1775-1783 – At the start of the Revolutionary War against the British, General George Washington orders recruiting officers to accept free blacks into the American Army. More than 5,000 black soldiers, predominantly from the Northern states, fight against the British, according to the Jim Crow Museum at Ferris State University.
1776 – The Second Continental Congress adopts the Declaration of Independence, in which Thomas Jefferson, a lifelong slaveholder, wrote that “all men are created equal.” In Jefferson’s original draft, he railed against King George III for creating the slave trade in the American colonies and described it as “a cruel war against human nature.” It was later removed after objections from slaveholding delegates from both the North and South.
1793 – The second Congress passes the Fugitive Slave Act, “respecting fugitives from justice, and persons escaping from the service of their masters.” It authorizes the arrest or seizure of fugitives and empowered “any magistrate of a county, city or town” to rule on the matter, as well as establishing a fine of $500 against any person who aided a fugitive.
1808 – On Jan. 1, laws banning the importation of slaves from Africa or the West Indies go into effect in the United States and British colonies.
1820 – The Missouri Compromise is passed to admit Missouri as a slave state and abolish slavery in Maine in an effort to preserve the balance between slave and free states. With the exception of Missouri, slavery is banned in all of the territory purchased in the Louisiana Territory north of the 36° 30’ latitude line.
1857 – The Missouri Compromise is declared unconstitutional in the Supreme Court’s Dred Scott v. Sandford decision. Chief Justice Roger Taney’s opinion declares that slaves were not U.S. citizens and could not sue in the federal courts.
1860 – Abraham Lincoln is elected the sixteenth president of the United States on Nov. 6. On Dec. 20, South Carolina becomes the first state to secede from the Union. That year’s census shows the black population in the U.S. to be 4,441,830, of which 3,953,760 were enslaved and 488,070 were free.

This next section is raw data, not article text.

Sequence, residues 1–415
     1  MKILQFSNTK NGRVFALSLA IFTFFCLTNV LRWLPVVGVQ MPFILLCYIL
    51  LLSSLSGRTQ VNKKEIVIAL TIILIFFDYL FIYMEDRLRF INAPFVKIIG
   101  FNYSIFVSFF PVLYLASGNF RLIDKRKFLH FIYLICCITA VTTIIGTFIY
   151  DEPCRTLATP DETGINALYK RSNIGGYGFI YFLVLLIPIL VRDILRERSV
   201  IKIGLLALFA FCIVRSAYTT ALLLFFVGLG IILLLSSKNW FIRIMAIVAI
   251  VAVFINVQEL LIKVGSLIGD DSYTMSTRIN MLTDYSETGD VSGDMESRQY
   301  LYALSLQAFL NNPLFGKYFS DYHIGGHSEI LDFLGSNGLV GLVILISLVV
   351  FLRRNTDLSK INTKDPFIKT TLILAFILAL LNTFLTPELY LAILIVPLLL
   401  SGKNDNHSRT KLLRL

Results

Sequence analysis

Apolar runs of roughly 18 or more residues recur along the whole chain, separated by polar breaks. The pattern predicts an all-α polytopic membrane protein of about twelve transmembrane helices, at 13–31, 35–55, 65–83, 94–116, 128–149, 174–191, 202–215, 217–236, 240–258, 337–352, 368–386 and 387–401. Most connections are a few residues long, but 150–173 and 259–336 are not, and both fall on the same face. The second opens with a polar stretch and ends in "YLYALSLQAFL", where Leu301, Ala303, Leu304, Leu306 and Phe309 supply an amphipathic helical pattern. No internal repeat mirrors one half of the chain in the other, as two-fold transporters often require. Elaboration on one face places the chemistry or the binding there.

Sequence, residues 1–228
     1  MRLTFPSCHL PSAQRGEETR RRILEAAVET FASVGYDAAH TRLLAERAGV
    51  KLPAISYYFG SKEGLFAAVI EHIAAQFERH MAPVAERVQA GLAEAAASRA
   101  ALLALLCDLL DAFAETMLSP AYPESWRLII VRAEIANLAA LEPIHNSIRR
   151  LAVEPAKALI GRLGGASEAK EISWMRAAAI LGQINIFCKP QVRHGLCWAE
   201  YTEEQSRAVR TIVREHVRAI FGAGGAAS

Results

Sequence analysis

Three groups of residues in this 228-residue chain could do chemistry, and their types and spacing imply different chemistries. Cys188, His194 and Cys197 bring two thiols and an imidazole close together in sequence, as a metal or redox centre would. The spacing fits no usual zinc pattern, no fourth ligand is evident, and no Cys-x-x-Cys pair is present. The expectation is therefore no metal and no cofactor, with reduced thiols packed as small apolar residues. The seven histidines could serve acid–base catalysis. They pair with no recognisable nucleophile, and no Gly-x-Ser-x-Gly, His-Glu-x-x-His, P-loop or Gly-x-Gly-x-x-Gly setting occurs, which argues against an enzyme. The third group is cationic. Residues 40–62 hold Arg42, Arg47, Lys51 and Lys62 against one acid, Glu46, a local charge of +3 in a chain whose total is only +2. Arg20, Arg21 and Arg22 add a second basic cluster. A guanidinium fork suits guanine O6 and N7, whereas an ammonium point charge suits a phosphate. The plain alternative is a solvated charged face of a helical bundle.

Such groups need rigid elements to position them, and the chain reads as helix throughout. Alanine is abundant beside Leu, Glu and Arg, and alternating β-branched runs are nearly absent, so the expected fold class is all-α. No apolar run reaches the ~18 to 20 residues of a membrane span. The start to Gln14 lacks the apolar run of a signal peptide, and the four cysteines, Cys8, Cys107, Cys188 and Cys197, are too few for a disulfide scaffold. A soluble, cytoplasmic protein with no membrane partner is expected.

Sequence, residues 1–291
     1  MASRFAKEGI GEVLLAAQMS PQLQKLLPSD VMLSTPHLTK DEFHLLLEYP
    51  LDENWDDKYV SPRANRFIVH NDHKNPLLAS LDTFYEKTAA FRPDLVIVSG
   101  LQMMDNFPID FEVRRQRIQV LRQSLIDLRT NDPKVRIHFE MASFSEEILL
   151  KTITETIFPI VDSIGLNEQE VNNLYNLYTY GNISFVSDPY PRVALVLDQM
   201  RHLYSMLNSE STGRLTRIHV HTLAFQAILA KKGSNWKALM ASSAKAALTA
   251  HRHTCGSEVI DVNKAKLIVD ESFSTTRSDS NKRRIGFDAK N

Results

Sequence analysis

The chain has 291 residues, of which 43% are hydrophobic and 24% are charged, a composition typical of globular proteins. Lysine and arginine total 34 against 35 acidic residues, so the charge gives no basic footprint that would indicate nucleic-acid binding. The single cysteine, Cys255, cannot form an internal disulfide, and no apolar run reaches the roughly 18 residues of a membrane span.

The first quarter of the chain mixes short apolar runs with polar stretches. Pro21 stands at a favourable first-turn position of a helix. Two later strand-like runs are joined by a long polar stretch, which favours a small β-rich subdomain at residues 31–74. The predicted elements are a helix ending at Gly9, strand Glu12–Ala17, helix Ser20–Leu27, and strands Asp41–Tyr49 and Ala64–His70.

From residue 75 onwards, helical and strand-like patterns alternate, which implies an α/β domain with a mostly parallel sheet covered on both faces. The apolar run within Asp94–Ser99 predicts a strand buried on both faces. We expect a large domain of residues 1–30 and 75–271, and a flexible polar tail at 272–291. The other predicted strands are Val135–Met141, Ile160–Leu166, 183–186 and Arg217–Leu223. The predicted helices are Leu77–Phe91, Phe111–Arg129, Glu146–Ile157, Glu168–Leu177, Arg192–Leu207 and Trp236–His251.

1861 – Mississippi, Florida, Alabama, Georgia, Louisiana, Texas, Virginia, Arkansas, North Carolina and Tennessee also secede and the Confederate States of America is established. The Civil War begins in April.
1863 – On Jan. 1, Lincoln issues the Emancipation Proclamation, which declares “that all persons held as slaves” within the rebel states “are, and henceforward shall be free.” The proclamation has little impact on Texans due to the small number of Union troops in the state able to enforce the executive order.
The document also calls for the recruitment and establishment of black military units among the Union forces. History.com estimates that 180,000 African Americans served in the Army and 18,000 in the Navy.
1864 – The U.S. Senate passes the 13th Amendment, prohibiting slavery and involuntary servitude in all states, Union and Confederate. The measure passes in the House of Representatives on Jan. 31 the following year but the amendment was not enacted by ratification until December.
1865 – General Robert E. Lee surrenders his Confederate troops to the Union’s Ulysses S. Grant on April 9. Lincoln is assassinated by John Wilkes Booth in Washington, D.C., on April 14 and does not live to see the war officially end.
On June 19, Maj. Gen. Gordon Granger lands in Galveston, Texas, and reads General Order No. 3 informing an estimated 250,000 enslaved people in the state of Lincoln’s proclamation 901 days prior.
“The people of Texas are informed that, in accordance with a proclamation from the Executive of the United States, all slaves are free. This involves an absolute equality of personal rights and rights of property between former masters and slaves, and the connection heretofore existing between them becomes that between employer and hired labor. The freedmen are advised to remain quietly at their present homes and work for wages. They are informed that they will not be allowed to collect at military posts and that they will not be supported in idleness either there or elsewhere.”